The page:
The Protestant Church in Germany (EKD), COMECE (the Bishops Conference of the European Community), and the Church of England are calling upon the European Union Parliament to approve a Written Declaration on "on the protection of a work-free Sunday as an essential pillar of the European Social Model and as part of the European cultural heritage."

In a press release issued February 11, COMECE provided the following rationale for the Declaration.  "The economic and financial crises have made us more aware of the fact that not all aspects of life can be subject to market forces. Unrestrained consumption is neither a model for a sustainable economy, nor a healthy concept for human development. Men and women, who work on Sundays, are put at a disadvantage in their social relationships: Their family life, personal development and even health are verifiably affected."

Describing Sunday rest as a "pillar of the European social model," churches have called upon a broad-based approach to Sunday rest which would affect all people regardless of religious affiliation. Claiming an errosion of Sunday rest, COMECE claims that "Workers have experienced fragmentation of their private lives, while small and medium-sized enterprises, which cannot afford uninterrupted opening hours have lost ground in the market place."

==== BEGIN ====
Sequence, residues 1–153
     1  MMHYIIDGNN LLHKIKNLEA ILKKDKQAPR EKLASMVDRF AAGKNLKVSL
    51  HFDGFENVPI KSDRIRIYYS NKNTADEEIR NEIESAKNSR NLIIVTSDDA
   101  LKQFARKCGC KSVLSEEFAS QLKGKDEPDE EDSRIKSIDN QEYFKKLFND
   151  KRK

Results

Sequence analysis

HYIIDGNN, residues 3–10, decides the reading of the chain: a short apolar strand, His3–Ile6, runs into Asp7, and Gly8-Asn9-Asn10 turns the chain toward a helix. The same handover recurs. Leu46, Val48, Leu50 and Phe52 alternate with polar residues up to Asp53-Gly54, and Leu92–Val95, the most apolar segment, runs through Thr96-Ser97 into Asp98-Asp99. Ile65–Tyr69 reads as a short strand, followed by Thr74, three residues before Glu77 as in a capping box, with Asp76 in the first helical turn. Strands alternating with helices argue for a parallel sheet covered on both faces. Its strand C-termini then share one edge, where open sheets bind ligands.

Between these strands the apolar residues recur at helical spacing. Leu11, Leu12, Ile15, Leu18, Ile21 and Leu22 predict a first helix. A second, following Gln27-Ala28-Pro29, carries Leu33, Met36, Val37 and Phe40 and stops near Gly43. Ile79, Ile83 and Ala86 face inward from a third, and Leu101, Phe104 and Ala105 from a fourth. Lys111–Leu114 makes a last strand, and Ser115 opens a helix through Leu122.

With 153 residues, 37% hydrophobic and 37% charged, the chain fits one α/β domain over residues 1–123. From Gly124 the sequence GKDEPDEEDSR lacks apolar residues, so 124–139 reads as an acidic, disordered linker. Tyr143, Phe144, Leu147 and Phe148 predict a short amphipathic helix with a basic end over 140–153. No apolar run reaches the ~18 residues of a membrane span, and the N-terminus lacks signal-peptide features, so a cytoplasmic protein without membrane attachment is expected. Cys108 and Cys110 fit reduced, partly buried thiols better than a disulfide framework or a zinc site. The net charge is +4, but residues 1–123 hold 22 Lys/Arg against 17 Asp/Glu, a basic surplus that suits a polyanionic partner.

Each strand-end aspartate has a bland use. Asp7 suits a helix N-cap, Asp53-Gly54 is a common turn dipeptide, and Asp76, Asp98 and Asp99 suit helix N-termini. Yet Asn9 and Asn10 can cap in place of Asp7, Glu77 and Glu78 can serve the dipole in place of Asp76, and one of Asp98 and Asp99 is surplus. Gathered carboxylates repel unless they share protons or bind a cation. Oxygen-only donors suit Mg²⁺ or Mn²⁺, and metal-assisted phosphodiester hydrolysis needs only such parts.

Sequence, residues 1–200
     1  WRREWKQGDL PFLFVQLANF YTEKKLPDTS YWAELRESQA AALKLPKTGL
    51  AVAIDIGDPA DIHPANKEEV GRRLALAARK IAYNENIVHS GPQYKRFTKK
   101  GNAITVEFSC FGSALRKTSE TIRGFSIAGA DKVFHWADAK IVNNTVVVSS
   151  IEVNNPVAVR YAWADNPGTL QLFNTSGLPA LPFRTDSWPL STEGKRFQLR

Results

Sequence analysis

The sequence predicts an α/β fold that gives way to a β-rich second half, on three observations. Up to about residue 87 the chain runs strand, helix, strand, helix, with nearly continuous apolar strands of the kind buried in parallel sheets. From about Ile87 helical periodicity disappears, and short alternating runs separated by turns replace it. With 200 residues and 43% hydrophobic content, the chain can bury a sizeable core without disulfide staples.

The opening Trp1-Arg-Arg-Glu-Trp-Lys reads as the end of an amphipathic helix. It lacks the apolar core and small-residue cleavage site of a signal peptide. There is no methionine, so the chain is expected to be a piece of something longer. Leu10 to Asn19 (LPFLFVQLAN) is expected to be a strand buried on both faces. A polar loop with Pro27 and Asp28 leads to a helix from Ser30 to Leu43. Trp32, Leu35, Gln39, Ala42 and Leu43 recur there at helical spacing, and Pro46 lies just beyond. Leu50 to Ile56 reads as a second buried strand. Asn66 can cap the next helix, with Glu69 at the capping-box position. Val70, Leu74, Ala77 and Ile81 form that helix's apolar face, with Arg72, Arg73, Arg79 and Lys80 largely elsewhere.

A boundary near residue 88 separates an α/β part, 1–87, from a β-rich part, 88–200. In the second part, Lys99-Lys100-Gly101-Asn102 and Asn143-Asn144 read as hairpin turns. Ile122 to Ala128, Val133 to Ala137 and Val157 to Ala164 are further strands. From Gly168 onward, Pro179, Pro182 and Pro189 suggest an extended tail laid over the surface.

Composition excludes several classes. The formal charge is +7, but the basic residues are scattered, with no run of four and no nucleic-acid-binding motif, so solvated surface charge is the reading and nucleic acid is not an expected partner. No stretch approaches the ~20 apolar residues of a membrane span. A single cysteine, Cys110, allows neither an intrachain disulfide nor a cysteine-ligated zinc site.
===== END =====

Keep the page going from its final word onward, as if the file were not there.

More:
Thus, the general applicability of the Sunday rest requirements, regardless of the religious beliefs of the individual citizens, would prevent those who would operate businesses on Sunday from gaining an unfair advantage at the expense of those who rest on Sunday.

In order to be adopted, a majority consisting of 394 members of parliament must approve the measure by May 7, 2009.  As of February 2, 59 had signed on.  If 394 sign on, it will become an official act of the European Parliament to be adopted by the member states.

The legislation as written does not include provision for those who keep an alternate day of rest, but it could be inferred that this will be addressed by the individualized legislation of the member states.


The proposed Declaration is available online at  http://www.europarl.europa.eu/sides/getDoc.do?pubRef=-//EP//NONSGML+WDECL+P6-DCL-2009-0009+0+DOC+PDF+V0//EN&language=EN

 

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